Lyrically, it sets the stage for the rest of album. I lost one of my best friends, Blythe, to suicide a few years ago. I began writing the album as a way to cope and start the journey of recovery and try to deal with the loss—to start asking some painful questions and dealing with the fact you might not be OK yourself. A month or so before we went to record the album, I lost my dad very suddenly too, so the bridge and outro deals touches on that as well. Whilst the music itself isn’t, I think it’s a very emotionally heavy song, and it actually made Tom Hill (engineer/producer) and Bob Cooper (mix/master) cry whilst working on it.

Heigham Park

Marcus: I had the draft for ‘Heigham Park’ sitting around for a couple of years. It eventually became the first song I demoed with the conscious decision to have three guitar parts in it. I guess this song would be the first to break this new sound or direction we are heading in as well, with a more indie/emo influence coming through.

‘Heigham Park’ is a place in my hometown of Norwich, where me and my friends would spend days after school, our summer days and later, our summer nights drinking. I have very very fond memories of that place and now Blythe has his own bench dedicated to him. On more than one occasion I have gone to the bench to sit and listen to the birds, just switch off and zone out for a while, or perhaps try and hear his wisdom and words he would often impart when I need them most. I definitely remember having a cry after I tracked demo vocals in Alex’s house.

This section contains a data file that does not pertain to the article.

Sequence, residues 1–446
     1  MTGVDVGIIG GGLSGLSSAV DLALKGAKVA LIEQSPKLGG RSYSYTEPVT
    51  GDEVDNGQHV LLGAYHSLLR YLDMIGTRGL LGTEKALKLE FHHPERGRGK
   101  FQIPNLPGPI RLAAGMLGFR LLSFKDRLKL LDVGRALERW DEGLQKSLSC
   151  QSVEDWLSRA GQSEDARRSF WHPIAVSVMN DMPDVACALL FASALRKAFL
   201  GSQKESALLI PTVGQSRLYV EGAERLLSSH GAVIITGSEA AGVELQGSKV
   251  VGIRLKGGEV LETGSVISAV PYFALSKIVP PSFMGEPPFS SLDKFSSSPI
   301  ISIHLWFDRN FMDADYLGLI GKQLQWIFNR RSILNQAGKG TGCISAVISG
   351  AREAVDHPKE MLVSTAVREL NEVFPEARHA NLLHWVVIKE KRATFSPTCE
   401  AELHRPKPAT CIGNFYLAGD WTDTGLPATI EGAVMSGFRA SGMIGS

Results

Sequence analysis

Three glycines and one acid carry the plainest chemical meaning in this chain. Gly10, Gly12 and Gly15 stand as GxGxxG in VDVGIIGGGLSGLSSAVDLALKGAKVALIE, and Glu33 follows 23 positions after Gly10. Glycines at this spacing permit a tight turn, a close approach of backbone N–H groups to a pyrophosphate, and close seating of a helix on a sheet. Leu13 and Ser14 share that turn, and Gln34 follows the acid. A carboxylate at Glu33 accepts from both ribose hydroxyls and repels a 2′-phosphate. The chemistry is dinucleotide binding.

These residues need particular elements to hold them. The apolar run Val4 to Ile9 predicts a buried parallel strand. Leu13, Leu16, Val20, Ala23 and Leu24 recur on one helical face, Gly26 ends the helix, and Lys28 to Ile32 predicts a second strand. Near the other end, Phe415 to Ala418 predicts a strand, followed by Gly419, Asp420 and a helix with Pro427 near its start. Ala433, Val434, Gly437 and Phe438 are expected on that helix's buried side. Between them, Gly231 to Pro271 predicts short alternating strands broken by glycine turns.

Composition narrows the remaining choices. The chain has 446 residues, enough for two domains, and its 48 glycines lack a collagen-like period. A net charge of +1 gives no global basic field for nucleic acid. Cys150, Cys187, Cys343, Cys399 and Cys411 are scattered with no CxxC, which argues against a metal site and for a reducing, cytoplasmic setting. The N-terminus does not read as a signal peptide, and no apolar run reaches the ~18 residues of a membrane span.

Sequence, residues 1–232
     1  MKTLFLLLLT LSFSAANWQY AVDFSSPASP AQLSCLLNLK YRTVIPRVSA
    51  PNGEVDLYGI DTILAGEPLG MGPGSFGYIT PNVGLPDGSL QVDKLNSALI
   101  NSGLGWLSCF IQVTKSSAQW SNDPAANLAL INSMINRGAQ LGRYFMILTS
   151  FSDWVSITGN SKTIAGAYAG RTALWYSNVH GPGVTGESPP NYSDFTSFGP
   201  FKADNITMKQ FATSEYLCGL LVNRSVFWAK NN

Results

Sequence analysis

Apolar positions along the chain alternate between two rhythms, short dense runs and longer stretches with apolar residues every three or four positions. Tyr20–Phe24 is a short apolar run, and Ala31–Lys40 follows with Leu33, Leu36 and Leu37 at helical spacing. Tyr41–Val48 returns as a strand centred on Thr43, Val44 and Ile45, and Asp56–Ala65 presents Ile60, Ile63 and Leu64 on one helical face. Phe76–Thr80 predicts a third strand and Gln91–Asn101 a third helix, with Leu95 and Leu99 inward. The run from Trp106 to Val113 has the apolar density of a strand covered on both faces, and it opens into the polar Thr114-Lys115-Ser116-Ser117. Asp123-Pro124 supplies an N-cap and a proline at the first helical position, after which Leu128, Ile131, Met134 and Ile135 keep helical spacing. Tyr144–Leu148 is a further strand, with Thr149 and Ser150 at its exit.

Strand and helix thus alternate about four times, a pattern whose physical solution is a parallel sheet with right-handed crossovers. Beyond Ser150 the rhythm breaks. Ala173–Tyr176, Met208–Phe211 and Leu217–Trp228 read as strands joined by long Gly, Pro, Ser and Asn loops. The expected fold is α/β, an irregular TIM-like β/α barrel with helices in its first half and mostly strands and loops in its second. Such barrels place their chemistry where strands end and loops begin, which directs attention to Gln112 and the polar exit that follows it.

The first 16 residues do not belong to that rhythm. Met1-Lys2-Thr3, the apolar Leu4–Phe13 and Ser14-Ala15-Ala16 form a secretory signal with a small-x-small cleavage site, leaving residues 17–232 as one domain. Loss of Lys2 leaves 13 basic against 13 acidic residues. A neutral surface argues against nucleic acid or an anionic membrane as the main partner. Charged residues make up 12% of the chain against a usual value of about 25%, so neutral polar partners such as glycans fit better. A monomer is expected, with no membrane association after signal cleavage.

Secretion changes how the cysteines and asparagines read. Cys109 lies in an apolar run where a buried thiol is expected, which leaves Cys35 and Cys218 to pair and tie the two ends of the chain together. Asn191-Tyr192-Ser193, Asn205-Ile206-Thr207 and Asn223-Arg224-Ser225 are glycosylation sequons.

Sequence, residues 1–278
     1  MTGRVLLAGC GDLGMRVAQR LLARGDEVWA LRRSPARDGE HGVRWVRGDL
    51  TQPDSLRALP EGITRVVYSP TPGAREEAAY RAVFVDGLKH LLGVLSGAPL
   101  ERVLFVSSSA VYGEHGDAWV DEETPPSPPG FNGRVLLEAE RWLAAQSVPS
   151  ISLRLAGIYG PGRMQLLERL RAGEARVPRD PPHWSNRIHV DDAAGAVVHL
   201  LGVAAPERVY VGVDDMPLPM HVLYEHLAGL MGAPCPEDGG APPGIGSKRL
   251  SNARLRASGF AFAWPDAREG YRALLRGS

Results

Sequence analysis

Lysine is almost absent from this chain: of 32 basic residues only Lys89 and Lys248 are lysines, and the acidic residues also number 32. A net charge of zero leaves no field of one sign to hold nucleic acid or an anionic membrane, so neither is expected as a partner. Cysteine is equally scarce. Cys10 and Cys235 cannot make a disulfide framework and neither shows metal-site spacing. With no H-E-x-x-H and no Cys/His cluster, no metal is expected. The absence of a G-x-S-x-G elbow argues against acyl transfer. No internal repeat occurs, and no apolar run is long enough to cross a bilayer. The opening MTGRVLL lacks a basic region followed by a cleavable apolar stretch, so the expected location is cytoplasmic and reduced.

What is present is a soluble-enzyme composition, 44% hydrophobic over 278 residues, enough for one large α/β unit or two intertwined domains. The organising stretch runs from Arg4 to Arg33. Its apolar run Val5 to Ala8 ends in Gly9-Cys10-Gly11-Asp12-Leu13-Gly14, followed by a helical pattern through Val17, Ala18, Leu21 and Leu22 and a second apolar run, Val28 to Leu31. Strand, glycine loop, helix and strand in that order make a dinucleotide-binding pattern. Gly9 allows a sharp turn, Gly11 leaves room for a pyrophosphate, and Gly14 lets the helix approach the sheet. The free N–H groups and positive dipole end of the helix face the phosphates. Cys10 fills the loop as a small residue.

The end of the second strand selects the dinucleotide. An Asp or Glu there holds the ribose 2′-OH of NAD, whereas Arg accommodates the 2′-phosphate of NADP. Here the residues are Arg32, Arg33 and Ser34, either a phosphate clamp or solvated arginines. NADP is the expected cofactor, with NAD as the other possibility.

Jack: This will always make me think of how long we spent trying to track the tapping part for this – it’s particularly punishing on the left hand and playing it for any extended period of time hurts. A lot. Tom and I took a lot of coffee breaks during this one.

Postmarks

Marcus: I’m really proud of how we took this song from my twinkly bedroom riffs into something so much more. We really came together as a team for this. Alex came up with all the chords and a lot of the third guitar parts. I gave this song to Jack to come up with some melodies after not being able to find any inspiration, so it just made sense for him to sing the song instead. He has such a great voice and I’m super happy he finally gets to write, sing, and have a creative input in the band after being our guitar tech.

Jack: I wrote this (and the rest of my lyrics) when I was stuck in an office job that was going nowhere and the majority of my friends had just graduated uni, were off travelling and enjoying their lives whilst I couldn’t work out how to enjoy mine. I’m quite uncomfortable with songs that call people out, so this is pretty vague but is about a bunch of people.